This study presents baseline and 3-month follow-up motor and neuropsychological data for 22 patients with Parkinson's disease (PD) who underwent anatomically guided unilateral posterior ventral pallidotomy (PVP). Postsurgical improvements were seen in psychomotor speed, fine motor accuracy, and dyskinesia, whereas grip strength decreased on the side contralateral to the surgery. No change was detected in overall level of cognitive functioning, nor were changes demonstrated in memory, language, or working memory when the entire sample of patients was evaluated. When the group was divided on the basis of side of surgery, patients with left-sided pallidotomies showed a decline in verbal fluency. Patients and caregivers reported improvement in psychosocial functioning. These initial findings of improved motor performance and largely unaffected cognitive functions are consistent with results obtained with functional PVP and provide support for the use of anatomically guided posterior ventral pallidotomy in the treatment of motor symptoms of PD.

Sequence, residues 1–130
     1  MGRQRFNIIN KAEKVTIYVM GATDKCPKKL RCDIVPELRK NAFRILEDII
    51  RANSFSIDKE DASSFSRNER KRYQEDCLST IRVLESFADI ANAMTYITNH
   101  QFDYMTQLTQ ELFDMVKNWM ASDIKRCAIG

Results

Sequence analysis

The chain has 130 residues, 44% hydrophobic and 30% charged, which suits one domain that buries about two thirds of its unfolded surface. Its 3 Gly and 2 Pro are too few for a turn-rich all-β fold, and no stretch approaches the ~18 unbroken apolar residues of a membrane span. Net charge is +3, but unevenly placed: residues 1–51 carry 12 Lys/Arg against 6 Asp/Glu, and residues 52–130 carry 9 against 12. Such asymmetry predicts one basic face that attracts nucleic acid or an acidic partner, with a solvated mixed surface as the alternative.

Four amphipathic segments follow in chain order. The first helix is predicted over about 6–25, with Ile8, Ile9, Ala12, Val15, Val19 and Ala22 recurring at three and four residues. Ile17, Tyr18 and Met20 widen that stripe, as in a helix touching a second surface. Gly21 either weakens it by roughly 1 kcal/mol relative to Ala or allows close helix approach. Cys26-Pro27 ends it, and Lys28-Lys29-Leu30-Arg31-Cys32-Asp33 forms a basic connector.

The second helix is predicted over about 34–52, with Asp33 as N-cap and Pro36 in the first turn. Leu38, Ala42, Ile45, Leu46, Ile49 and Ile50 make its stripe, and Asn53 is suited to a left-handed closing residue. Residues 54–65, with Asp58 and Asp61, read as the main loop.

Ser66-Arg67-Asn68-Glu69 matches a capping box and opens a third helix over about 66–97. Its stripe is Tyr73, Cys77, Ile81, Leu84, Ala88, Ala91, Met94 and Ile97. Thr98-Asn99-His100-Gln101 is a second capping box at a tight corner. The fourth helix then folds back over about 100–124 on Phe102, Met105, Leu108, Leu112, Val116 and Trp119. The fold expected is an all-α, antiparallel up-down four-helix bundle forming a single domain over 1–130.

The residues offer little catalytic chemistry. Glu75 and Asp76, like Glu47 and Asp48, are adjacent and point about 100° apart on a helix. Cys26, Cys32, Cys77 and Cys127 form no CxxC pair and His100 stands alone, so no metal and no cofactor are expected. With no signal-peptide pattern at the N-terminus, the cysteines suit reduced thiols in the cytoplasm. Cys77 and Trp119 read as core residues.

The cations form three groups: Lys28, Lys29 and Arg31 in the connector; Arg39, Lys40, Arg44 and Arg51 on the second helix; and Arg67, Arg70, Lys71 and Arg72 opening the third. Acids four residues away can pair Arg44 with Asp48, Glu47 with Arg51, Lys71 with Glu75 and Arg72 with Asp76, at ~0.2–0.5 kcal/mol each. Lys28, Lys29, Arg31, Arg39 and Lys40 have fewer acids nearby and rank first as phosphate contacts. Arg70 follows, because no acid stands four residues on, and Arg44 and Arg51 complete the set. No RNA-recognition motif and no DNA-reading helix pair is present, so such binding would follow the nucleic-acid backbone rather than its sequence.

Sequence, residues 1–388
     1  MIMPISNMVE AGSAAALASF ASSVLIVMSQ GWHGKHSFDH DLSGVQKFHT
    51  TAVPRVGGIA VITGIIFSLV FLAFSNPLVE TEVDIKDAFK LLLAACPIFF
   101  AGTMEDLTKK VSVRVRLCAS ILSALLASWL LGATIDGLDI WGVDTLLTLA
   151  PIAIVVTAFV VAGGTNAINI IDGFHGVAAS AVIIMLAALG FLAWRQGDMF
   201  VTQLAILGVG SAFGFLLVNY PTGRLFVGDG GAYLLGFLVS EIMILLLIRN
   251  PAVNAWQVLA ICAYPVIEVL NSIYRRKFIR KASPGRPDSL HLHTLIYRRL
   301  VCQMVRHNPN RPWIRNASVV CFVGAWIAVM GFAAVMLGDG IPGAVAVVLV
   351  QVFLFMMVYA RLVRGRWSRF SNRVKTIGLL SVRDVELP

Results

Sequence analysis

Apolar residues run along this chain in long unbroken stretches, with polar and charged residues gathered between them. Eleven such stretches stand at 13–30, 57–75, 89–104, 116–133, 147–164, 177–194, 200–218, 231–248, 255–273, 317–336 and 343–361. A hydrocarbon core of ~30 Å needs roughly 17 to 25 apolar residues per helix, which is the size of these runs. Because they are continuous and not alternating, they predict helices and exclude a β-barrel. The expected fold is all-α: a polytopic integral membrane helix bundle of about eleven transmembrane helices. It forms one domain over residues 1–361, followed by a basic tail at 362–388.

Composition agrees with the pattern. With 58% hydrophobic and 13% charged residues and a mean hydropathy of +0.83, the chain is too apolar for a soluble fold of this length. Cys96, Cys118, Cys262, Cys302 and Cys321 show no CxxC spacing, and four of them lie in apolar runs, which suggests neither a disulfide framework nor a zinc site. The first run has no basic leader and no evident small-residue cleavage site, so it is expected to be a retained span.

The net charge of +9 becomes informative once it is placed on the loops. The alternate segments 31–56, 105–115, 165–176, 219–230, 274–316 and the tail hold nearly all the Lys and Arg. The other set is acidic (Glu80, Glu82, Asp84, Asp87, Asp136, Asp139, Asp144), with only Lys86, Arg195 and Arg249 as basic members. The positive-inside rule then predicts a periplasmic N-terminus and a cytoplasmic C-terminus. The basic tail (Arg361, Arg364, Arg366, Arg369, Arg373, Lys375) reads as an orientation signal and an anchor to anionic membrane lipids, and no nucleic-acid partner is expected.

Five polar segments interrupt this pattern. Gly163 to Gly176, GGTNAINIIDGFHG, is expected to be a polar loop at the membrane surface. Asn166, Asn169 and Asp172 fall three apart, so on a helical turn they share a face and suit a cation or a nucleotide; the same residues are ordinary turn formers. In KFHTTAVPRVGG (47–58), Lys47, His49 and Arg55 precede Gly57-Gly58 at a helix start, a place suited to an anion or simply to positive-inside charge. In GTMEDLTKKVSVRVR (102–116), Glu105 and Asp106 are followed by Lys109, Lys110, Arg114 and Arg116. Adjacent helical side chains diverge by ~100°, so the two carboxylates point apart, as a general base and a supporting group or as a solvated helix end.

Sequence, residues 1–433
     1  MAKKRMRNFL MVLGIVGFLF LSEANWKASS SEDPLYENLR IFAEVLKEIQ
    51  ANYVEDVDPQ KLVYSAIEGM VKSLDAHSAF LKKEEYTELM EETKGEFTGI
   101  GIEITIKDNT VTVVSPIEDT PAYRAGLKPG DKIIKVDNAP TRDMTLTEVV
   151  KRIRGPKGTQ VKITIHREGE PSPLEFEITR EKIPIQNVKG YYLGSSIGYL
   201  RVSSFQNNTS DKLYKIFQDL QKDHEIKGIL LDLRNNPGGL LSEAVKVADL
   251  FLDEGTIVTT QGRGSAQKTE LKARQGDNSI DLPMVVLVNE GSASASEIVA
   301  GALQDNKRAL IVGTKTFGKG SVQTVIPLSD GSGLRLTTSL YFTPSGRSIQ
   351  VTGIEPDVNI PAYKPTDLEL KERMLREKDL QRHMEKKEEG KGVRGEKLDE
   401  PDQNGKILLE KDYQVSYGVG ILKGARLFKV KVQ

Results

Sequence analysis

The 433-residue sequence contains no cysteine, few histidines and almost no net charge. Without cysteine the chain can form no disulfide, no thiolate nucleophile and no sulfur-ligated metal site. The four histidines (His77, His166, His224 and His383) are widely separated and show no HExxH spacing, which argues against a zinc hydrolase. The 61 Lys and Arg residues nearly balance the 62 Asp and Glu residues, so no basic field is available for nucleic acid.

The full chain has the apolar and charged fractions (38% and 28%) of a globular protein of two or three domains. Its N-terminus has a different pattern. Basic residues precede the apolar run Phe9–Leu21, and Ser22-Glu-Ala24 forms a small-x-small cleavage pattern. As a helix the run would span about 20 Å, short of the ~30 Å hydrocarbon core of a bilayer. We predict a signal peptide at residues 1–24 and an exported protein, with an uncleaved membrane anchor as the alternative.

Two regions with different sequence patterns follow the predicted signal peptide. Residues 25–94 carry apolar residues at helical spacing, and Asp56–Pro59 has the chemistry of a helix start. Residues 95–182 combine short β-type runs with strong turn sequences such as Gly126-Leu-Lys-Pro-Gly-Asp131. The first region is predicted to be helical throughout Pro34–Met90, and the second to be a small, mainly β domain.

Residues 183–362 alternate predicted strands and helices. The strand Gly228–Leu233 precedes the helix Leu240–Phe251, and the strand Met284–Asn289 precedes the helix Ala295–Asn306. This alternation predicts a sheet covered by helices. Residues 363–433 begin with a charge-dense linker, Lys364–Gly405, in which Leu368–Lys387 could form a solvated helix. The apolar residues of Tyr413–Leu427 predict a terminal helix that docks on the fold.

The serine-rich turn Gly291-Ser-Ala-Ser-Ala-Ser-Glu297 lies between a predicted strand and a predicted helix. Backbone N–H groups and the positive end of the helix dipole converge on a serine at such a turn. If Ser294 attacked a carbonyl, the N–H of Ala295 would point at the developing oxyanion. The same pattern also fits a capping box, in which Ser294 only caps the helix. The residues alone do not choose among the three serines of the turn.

|Original language||English (US)|
|Number of pages||10|
|Journal||Neuropsychiatry, Neuropsychology and Behavioral Neurology|
|State||Published - Jul 1998|
- Globus pallidus
- Movement disorder
- Parkinson's disease